"There must also be meeting of minds between agricultural extension workers and communities on the need to grow crops that will give yields because we cannot continue to tolerate write off of crops every year and hope to be able to feed ourselves. There has to be a shift to small grains if we are to have food security at household level," said Governor Maluleke.

The Masvingo governor said the province had crafted a provincial irrigation master plan that emphasises the identification and development of irrigation schemes across the province under a new thrust to engender sustainable development through the use of numerous water bodies.

Zimbabwe Farmers Union Masvingo regional manager Mr Jeremiah Chimwanda said hunger had become the biggest threat to most communities across Masvingo province saying irrigation development and production of small grains were the only panacea to ending Masvingo's basket case tag.

"We are facing a very serious shortage of food across Masvingo after 75 percent of crops last year were written off due to drought and in most areas people do not have food especially districts in the southern parts of Masvingo. In Mwenezi, Chivi and Chiredzi the food situation is very dire at the moment and not enough supplies of food are being sent to these areas so there is a problem. However, in the short to medium term we must develop more irrigation schemes and also turn to small grains,"he said.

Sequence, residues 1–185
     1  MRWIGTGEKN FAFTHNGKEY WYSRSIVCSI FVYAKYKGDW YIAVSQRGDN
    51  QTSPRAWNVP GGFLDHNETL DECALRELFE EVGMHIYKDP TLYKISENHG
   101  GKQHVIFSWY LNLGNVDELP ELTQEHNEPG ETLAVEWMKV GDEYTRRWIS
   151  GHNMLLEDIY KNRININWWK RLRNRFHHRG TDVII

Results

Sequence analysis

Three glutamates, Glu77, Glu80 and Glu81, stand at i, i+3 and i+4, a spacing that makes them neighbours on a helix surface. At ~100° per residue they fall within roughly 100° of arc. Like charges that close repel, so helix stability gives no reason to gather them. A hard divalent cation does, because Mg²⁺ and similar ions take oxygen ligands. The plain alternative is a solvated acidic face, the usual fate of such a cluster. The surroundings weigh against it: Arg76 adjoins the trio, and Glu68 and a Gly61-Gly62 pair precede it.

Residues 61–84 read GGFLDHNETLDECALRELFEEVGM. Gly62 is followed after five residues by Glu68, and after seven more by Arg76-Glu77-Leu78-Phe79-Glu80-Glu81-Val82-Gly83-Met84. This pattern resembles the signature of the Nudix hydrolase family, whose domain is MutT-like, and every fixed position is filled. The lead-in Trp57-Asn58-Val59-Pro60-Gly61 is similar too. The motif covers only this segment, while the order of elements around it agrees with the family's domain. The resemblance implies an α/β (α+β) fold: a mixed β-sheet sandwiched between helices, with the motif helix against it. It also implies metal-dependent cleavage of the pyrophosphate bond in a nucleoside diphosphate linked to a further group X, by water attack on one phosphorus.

Zimbabwe Chiefs' Council president Chief Fortune Charumbira said chiefs were concerned about the precarious food situation in most communities in Masvingo saying in some areas maize supplies even under the grain loan scheme were erratic.

Chief Charumbira said there was a need for GMB to set up more satellite depots so that people get easy access to maize grain. Chief Murinye, Mr Epheus Munodawafa said the Masvingo provincial leadership was supposed to be aggressive in the development of more irrigation schemes as the province had many dams that were underutilised.

"We cannot continue to be talking of hunger year in year out when we have so many big dams that can be harnessed for irrigation. At the moment the major problem which we have is lack of an alternative plan to circumvent these chronic food shortages. We need lasting solutions and there must also be commitment of more resources to transport food to hunger-stricken villagers in remote areas as there are some areas that are not even able to access food assistance under the grain loan scheme.

Most villagers in remote parts of Masvingo complain over the way in which the grain scheme is being implemented as some areas hardly receive enough supplies of maize while in other areas transporting the maize was difficult.

Others have also been urging humanitarian organisations to desist from giving villagers stricken by hunger food handouts as such moves promoted a dependence syndrome.

Masvingo has less than 4 000 hectares under irrigated cereals yet the numerous dams in the province can sustain up to 50 000 hectares of irrigation. The province has also pinned its hopes on Tokwe-Murkosi dam that will open up 25 000 hectares for irrigation.